Further, it would have been prudent for the contractor to have the work inspected by Taylor prior to pouring of the piers and after excavation. It was incumbent on the pool contractor to seek the advice of the engineer.
  11. [51]
    For this reason, I have formed the view that Ibis Pools is responsible to the extent of sixty percent of the loss and damage suffered and that Taylor is responsible to the extent of forty percent.

Legislation relating to Costs of Proceedings

  1. [52]
    Section 100 of the QCAT Act provides:

100 Each party usually bears own costs

Other than as provided under this Act or an enabling Act, each party to a proceeding must bear the party’s own costs for the proceeding.

  1. [53]
    Section 102 of the QCAT Act provides a guideline of matters to be considered in circumstances where it is considered by the tribunal there should be a departure from the general rule in s 100 of the QCAT Act on the basis that it is in the interests of justice that an order for the payment of costs be made.
  2. [54]
    Section 102 of the QCAT Act states that the tribunal may have regard to the following matters:
  1. (a)
    whether a party to a proceeding is acting in a way that unnecessarily disadvantages another party to the proceeding, including as mentioned in section 48(1)(a) to (g);
  1. (b)
    the nature and complexity of the dispute the subject of the proceeding;
  1. (c)
    the relative strengths of the claims made by each of the parties to the proceeding;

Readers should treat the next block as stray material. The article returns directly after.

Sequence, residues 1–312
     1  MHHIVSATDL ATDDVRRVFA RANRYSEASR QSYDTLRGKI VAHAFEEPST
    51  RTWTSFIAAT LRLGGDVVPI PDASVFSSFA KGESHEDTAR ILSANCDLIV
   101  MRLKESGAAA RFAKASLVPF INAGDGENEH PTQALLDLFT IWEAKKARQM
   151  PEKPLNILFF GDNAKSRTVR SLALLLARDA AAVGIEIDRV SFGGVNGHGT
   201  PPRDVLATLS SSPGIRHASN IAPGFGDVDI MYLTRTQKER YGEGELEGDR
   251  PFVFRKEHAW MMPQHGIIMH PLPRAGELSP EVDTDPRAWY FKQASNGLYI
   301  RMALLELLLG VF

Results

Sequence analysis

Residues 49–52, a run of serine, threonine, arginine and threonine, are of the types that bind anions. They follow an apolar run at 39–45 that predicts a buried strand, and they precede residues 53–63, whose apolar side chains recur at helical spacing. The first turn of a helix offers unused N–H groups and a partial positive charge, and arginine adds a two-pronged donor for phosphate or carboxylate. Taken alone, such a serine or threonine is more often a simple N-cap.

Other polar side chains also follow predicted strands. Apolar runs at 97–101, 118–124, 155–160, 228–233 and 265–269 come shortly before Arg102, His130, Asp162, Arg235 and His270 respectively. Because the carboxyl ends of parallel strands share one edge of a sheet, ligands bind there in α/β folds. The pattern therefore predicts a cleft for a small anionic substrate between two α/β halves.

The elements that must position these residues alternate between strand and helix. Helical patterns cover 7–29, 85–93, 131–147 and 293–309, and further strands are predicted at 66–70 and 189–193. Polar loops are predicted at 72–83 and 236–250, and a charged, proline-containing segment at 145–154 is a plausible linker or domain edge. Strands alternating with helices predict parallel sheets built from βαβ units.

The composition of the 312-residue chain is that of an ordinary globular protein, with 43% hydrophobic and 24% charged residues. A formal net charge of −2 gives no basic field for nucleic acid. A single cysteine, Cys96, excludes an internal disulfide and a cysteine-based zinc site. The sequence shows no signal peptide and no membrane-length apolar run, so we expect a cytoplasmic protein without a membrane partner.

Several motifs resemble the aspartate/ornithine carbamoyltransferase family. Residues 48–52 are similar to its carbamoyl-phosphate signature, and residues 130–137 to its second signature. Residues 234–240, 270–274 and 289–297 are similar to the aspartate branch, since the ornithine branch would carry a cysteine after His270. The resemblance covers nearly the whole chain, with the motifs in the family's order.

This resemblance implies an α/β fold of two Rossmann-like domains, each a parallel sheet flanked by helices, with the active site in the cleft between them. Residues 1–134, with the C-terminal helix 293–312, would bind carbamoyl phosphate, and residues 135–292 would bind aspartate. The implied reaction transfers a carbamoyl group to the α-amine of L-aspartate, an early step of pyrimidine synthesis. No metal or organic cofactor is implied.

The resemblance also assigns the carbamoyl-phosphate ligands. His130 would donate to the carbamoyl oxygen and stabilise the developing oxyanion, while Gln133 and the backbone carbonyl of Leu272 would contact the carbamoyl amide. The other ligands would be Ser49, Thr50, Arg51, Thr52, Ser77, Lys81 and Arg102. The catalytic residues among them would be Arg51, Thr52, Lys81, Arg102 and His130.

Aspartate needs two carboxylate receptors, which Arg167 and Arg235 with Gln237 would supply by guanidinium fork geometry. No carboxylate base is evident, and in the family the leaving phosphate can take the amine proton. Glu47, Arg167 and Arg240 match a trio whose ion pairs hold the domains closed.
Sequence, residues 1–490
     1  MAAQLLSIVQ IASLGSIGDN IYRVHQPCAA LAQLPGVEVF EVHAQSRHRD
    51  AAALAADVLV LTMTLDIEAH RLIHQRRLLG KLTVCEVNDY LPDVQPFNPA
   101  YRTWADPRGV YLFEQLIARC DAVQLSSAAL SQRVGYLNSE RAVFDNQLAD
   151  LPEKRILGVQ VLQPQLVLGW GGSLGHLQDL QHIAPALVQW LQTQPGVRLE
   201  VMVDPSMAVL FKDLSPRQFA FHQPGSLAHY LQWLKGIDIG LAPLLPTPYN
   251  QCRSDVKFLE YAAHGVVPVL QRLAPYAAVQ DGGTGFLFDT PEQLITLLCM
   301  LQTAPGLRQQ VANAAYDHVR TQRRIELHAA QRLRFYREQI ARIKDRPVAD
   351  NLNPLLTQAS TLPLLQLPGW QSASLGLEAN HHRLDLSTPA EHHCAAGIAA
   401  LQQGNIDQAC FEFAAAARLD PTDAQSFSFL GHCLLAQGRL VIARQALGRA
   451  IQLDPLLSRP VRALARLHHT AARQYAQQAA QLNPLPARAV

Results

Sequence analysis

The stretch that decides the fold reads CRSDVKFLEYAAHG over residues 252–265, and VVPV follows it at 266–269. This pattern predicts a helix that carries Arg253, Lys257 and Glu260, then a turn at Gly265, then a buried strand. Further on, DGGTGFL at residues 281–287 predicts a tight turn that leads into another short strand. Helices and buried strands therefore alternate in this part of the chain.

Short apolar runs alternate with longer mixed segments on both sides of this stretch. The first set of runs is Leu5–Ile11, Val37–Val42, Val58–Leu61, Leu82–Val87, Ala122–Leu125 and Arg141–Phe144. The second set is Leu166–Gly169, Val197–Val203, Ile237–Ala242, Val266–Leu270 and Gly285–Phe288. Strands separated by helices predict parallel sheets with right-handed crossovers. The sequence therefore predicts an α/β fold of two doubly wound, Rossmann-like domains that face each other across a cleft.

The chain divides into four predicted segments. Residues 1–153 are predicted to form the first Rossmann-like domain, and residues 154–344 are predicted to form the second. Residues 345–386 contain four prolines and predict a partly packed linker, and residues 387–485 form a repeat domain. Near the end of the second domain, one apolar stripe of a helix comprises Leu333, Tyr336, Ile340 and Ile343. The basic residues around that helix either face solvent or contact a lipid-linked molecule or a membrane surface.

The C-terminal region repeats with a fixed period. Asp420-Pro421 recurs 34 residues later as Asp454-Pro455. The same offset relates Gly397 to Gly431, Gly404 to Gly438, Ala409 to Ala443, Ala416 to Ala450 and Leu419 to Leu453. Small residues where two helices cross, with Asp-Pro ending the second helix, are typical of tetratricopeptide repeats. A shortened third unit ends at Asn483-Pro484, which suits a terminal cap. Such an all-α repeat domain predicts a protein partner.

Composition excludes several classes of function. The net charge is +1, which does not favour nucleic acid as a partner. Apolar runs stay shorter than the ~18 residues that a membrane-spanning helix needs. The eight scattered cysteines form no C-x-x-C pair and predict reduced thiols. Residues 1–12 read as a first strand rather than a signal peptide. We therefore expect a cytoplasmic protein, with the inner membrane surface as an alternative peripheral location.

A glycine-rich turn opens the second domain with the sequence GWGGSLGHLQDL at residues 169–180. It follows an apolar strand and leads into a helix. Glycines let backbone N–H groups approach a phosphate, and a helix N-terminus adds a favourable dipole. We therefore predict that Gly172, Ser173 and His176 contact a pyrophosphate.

1. (d)
    for a proceeding for the review of a reviewable decision …
  1. (e)
    the financial circumstances of the parties to the proceeding;
  1. (f)
    anything else the tribunal considers relevant.
  1. [55]
    Further, section 105 of the QCAT Act provides that the rules may authorise the tribunal to award costs in other circumstances, including, for example, the payment of costs in a proceeding if an offer to settle the dispute the subject of the proceeding has been made but not accepted.
  2. [56]
    Relevantly, s 86 of the Queensland Civil and Administrative Tribunal Rules 2009 (Qld) (“the QCAT Rules”) provides:

86 Additional power to award costs if particular offers to settle rejected

  1. (1)
    This rule applies if –
  1. (a)
    a party to a proceeding, other than a proceeding for a minor civil dispute, makes another party to the proceeding a written offer to settle the dispute the subject of the proceeding; and
  1. (b)
    the other party does not accept the offer within the time the offer is open; and
  1. (c)
    in the opinion of the tribunal, the decision of the tribunal in the proceeding is more favourable to the other party than the offer.
  1. (2)
    The tribunal may award the party who made the offer all reasonable costs incurred by that party in conducting the proceeding after the offer was made.
  1. (3)
    If a proceeding involves more than 2 parties, this rule only applies if the acceptance of the offer would have resulted in the settlement of the matters in dispute between the parties.             
  1. [57]
    In relation to building disputes, the enabling Act is the QBCC Act which provides the tribunal with the power to decide building disputes pursuant to s 77.